EUTrigTreat statement of mission

The EUTrigTreat project investigates life-threatening forms of electrical heart disease (ventricular arrhythmias) associated with a high risk of sudden cardiac death. Conceptually, both inherited (e.g. ion channel mutations) and acquired forms (e.g. heart failure) of arrhythmia syndromes occur frequently, and represent highly significant public health problems. However, and in sharp contrast to the high incidence of arrhythmia associated deaths, modern drug- and device-based preventive strategies remain to a large degree ineffective and are prone to side effects. Importantly, sudden death from arrhythmias remains an unresolved issue in patients with heart failure, the most common admitting diagnosis in many industrialized nations. In addition, some genetic variants underlying the Long QT arrhythmia syndrome historically considered as ‘rare’ in fact occur frequently and significantly increase sudden cardiac death risk in mutation carriers. To overcome the incomplete understanding and treatment strategies of arrhythmias, EUTrigTreat investigates mechanisms and biomarkers of arrhythmia risk, considers key genetic and environmental arrhythmia risk modulators, and develops groundbreaking novel treatment options.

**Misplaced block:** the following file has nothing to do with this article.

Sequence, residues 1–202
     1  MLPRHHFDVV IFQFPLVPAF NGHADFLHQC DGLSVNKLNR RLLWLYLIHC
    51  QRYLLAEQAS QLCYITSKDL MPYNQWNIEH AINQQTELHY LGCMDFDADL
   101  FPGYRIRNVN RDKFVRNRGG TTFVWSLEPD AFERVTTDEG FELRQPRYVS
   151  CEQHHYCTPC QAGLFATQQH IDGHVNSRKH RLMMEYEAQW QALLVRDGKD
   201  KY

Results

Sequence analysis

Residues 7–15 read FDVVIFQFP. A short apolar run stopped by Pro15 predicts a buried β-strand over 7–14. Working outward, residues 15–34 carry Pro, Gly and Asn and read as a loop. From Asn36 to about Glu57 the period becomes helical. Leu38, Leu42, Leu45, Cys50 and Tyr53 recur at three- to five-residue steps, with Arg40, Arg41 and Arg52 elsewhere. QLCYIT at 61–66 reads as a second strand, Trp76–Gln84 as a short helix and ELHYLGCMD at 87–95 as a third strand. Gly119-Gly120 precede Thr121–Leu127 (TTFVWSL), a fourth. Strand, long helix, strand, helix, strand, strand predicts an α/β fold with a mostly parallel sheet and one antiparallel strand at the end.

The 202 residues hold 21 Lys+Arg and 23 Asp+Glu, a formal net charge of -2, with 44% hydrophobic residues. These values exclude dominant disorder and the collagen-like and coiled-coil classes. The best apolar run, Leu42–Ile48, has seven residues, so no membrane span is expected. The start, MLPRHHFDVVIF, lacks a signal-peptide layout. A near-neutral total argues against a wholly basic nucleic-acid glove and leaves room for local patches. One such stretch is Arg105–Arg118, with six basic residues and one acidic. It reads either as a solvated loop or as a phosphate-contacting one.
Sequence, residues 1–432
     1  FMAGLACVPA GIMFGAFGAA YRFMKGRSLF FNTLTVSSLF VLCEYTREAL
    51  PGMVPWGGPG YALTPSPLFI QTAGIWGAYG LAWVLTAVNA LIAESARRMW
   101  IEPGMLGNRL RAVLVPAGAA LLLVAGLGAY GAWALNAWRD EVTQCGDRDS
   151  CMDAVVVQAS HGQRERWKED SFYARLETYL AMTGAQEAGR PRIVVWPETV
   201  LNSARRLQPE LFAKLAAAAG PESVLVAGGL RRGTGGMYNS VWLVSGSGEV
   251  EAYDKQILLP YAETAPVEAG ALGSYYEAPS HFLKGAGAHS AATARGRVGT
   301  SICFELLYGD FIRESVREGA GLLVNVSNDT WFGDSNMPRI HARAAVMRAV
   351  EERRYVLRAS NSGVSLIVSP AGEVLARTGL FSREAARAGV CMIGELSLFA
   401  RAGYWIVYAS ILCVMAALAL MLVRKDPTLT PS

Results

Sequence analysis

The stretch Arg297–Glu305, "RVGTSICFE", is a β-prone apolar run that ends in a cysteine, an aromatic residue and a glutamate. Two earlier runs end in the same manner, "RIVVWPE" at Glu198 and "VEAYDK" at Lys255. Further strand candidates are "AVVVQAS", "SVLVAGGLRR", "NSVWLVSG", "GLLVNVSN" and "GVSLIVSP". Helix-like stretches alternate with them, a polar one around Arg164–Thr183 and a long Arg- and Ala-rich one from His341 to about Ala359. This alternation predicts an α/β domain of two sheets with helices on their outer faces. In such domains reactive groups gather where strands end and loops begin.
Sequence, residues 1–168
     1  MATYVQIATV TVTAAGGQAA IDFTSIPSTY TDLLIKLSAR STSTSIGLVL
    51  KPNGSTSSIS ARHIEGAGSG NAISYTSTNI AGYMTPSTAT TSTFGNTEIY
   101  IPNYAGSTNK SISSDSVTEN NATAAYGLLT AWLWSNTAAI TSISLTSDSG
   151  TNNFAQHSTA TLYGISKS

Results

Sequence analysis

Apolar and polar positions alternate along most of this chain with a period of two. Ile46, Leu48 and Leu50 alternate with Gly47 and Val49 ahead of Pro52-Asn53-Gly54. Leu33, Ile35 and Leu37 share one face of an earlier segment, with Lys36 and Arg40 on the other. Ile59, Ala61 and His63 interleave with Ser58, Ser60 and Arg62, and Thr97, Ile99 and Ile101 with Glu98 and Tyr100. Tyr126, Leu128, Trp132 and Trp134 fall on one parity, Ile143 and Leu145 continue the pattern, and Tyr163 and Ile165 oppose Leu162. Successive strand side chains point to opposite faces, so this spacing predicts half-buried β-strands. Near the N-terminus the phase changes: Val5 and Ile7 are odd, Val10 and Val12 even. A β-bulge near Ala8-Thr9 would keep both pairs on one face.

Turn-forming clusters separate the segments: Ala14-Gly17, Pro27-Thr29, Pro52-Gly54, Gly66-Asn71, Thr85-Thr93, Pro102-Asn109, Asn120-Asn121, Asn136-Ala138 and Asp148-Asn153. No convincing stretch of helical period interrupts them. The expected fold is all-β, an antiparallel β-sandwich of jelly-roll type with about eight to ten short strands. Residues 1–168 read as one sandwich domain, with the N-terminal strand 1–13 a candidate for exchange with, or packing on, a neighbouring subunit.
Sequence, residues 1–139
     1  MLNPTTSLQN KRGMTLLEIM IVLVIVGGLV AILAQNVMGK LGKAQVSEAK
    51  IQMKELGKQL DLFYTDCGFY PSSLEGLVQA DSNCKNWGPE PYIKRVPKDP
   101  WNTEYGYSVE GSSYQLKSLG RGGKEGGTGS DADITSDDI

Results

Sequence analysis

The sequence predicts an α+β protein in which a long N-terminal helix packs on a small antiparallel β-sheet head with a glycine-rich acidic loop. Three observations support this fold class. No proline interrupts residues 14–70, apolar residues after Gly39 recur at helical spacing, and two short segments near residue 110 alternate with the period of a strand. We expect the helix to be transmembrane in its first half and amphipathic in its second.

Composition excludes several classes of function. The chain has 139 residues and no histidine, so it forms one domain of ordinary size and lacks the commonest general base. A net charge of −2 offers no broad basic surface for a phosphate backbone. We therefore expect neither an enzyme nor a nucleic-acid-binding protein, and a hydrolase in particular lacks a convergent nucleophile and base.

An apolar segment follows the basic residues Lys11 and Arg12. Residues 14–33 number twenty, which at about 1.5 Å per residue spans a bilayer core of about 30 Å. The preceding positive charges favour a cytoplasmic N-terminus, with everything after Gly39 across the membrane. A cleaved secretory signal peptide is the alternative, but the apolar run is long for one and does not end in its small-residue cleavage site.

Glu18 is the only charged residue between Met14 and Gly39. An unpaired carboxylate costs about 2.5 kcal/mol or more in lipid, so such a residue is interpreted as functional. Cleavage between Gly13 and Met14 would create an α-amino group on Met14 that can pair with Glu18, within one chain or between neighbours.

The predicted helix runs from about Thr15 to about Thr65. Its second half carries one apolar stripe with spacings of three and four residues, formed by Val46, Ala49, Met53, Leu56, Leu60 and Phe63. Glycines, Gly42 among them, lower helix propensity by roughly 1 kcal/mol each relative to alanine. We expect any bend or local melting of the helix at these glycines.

An urgent dilemma to treat patients at risk for arrhythmias exists: both insufficient diagnostic means to accurately predict the individual patient’s arrhythmia risk and significantly limited sudden cardiac death prevention strategies contribute to this difficult situation. Currently, patients with life-threatening arrhythmias are largely treated by invasive and costly internal cardioverter defibrillator (ICD) devices and based largely on empirical recommendations. However, a large number of patients treated with ICD therapy may not benefit from these devices. In addition, the majority of arrhythmia related deaths occur in patients who have not been identified previously due to lack of diagnostic strategies or other unknown factors. EUTrigTreat investigates in a patient cohort with internal cardioverter defibrillator (ICD) devices if risk prediction through novel diagnostic procedures can be improved. In summary, EUTrigTreat investigates arrhythmia initiating mechanisms (‘triggers’), biomarkers which may indicate increased arrhythmia risk, and new therapeutic intervention strategies (‘treatment’). In particular, arrhythmia mechanism based diagnosis and treatment options are addressed through the following general objectives:

· Overcome the current lack of understanding of complex arrhythmia mechanisms
· Apply an innovative translational strategy including patient and experimental studies
· Characterize genetic and environmental arrhythmia modulators and their interactions
· Develop novel risk biomarkers, diagnostic strategies and therapeutic rationales of EUTrigTreat